Europe’s liquidity crisis: I had a long lunch meeting on Friday with a hedge-fund manager with an astonishing ability to navigate the Bloomberg Blackberry app. And there was one chart in particular… the 3-month Euribor/Eonia spread… it’s fantastic if what you’re looking for is a guide to how stressed the Euroland funding market is.
This chart comes from a 40-page note on European bank liquidity published by Daniel Davies and Jag Yogarajah of Exane BNP Paribas; I can highly recommend you try to get yourself a copy of it somehow….
European banks have lots of European sovereign debt. European sovereign debt is falling in value. Therefore European banks are insolvent. Therefore, they have greatly increased credit risk. Therefore, spreads are rising. Except, this isn’t really true. Greek banks are insolvent, it’s true, if you mark their sovereign debt exposure to market. But to a first approximation, no other banks are…. What is true is that Europe is in the middle of a textbook liquidity crisis. Banks are not lending to each other — and the ECB isn’t stepping in to solve the problem. This is a serious structural issue with the way that the European monetary system was constructed: the ECB is tasked only with guarding inflation, and not with ensuring the health of the banking system. Individual national central banks are meant to do that. But they can’t print money — only the ECB can. So when there’s a liquidity crisis, no one’s able to step in and solve it.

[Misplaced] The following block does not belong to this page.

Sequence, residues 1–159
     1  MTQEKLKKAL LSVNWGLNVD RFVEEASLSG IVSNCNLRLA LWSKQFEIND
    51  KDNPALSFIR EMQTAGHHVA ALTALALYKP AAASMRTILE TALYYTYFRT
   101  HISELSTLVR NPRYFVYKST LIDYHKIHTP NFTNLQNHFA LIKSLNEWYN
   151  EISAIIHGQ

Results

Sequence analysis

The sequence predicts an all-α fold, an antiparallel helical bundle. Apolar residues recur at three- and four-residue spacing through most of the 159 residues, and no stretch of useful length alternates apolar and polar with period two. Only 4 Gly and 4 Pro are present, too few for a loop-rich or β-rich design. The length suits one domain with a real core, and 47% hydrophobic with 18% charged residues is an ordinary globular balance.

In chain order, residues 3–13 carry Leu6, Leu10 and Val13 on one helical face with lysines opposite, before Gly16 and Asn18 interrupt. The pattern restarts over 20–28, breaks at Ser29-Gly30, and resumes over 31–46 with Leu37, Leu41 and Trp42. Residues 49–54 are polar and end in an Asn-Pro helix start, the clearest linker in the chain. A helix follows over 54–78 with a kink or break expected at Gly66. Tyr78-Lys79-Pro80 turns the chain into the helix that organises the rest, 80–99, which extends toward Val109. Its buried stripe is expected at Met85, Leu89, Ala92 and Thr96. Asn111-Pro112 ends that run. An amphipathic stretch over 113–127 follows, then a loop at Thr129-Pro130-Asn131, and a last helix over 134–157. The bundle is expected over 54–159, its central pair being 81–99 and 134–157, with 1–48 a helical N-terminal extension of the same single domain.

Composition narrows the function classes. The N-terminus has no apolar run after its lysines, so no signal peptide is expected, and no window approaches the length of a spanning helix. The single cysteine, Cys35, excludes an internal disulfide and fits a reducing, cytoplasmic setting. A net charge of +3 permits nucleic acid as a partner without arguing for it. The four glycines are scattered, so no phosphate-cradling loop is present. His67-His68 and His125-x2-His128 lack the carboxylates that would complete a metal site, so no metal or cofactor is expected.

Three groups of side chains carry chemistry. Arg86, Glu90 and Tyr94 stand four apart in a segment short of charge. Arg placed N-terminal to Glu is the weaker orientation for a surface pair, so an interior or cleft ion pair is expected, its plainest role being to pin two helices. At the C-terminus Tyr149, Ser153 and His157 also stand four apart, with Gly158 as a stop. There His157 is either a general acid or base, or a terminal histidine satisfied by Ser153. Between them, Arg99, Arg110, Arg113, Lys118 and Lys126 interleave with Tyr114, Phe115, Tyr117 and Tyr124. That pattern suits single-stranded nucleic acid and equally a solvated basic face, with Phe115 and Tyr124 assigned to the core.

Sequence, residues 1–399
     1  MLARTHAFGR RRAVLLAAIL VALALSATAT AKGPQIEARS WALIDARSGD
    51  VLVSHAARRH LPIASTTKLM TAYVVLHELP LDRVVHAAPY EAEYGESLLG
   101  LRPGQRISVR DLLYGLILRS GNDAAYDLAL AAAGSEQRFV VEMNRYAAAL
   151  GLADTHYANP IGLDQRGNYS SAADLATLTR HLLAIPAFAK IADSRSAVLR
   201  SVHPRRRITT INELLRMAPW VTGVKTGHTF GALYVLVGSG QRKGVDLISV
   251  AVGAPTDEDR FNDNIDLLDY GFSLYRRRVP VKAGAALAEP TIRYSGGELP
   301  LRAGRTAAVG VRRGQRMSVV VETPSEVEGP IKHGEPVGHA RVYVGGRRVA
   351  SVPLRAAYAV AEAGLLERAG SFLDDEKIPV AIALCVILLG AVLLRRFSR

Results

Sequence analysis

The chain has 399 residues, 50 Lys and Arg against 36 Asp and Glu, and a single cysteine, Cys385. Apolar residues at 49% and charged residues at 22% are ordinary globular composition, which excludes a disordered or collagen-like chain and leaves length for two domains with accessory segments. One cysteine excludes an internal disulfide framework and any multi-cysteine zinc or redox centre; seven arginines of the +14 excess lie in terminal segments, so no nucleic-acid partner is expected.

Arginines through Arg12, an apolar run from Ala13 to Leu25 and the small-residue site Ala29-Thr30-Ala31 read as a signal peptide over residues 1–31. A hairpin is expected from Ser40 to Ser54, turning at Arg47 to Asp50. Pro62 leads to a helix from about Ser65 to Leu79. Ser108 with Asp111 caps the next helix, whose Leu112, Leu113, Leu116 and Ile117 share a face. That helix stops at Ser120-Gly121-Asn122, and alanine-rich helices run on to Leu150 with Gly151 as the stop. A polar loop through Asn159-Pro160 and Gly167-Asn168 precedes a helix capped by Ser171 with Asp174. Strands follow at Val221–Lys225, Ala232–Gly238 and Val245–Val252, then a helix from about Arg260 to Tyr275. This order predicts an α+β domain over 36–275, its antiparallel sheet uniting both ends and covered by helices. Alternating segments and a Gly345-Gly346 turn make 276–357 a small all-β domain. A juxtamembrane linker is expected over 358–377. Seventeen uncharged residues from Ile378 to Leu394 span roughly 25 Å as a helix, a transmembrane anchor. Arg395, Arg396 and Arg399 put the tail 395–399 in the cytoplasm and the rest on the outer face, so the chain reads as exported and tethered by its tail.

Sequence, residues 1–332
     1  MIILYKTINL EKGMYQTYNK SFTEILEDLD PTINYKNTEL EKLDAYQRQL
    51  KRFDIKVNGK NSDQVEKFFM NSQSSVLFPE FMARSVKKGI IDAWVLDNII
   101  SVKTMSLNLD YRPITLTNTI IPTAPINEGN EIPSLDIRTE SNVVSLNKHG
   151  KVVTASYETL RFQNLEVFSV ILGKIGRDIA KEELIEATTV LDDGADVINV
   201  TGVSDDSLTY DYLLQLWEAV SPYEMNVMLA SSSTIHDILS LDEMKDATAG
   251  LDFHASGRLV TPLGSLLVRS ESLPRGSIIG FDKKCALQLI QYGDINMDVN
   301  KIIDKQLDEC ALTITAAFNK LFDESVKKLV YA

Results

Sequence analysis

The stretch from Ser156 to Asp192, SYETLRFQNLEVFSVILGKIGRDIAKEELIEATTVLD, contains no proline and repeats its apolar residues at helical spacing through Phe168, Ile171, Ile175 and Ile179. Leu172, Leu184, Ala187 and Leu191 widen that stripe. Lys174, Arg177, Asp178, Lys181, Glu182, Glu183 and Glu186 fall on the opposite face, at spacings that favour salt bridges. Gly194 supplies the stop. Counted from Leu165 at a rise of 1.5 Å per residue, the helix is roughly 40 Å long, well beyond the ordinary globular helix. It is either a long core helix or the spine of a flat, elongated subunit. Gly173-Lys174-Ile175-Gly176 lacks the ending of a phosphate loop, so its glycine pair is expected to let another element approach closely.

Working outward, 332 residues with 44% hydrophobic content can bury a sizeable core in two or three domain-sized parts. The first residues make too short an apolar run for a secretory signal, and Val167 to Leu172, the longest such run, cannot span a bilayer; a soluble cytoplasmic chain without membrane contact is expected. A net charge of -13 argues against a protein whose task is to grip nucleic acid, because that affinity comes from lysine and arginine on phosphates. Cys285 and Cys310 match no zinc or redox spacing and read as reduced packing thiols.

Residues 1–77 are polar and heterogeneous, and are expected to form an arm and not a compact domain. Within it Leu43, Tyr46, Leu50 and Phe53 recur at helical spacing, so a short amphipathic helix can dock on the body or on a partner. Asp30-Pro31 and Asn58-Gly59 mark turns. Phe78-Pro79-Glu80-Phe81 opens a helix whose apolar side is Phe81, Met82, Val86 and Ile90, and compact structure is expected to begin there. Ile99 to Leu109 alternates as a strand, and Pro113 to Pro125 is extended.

Here’s another chart from the report:
The light-blue line is the share prices of US banks…. Who caught that falling knife and stabilized US bank share prices? Not Treasury, but the Fed, with its quantitative easing. As soon as that started (see the dark blue line), US financial institutions suddenly looked as though they’d be fine. For this reason, the Exane analysts are convinced that talk of European bank recapitalizations is silly — essentially, it’s treating the wrong disease:
There is no reasonable amount of capital that can cure a liquidity shortage. The reason why people are refusing to lend to the banks is not primarily because they fear an underlying solvency problem (although some people do), but because they fear an obvious and immediate liquidity problem. It is rational not to lend to an institution that you believe to be illiquid.
The real problem here is simply that banks are hoarding their cash and not lending to each other…. And the way the banking sector works, banks have to be constantly lending to each other…. The overnight interbank market is the bloodstream of the European financial system, and the flow of blood is coming to a halt. Or, as the Exane report puts it, “if we think of wholesale funding as commodity input, it is much more like the supply of limestone to a kiln than the supply of flour to a bakery – not only can the banking sector not produce loans without new financing, it cannot shut down for a short period of time either, it needs constant supply.”…
You can see the dilemma facing the ECB…. It’s facing a dual liquidity crisis: not only within the European banking system, but also at European sovereigns. And it doesn’t really have a mandate to address either one.
But it’s liquidity crises which are the most violent, and which can kill a financial system — indeed, an entire economy — more or less overnight. Someone in Europe needs to come up with a plan for how to address the current crisis — now. Because if it gets any worse, it could well be too late.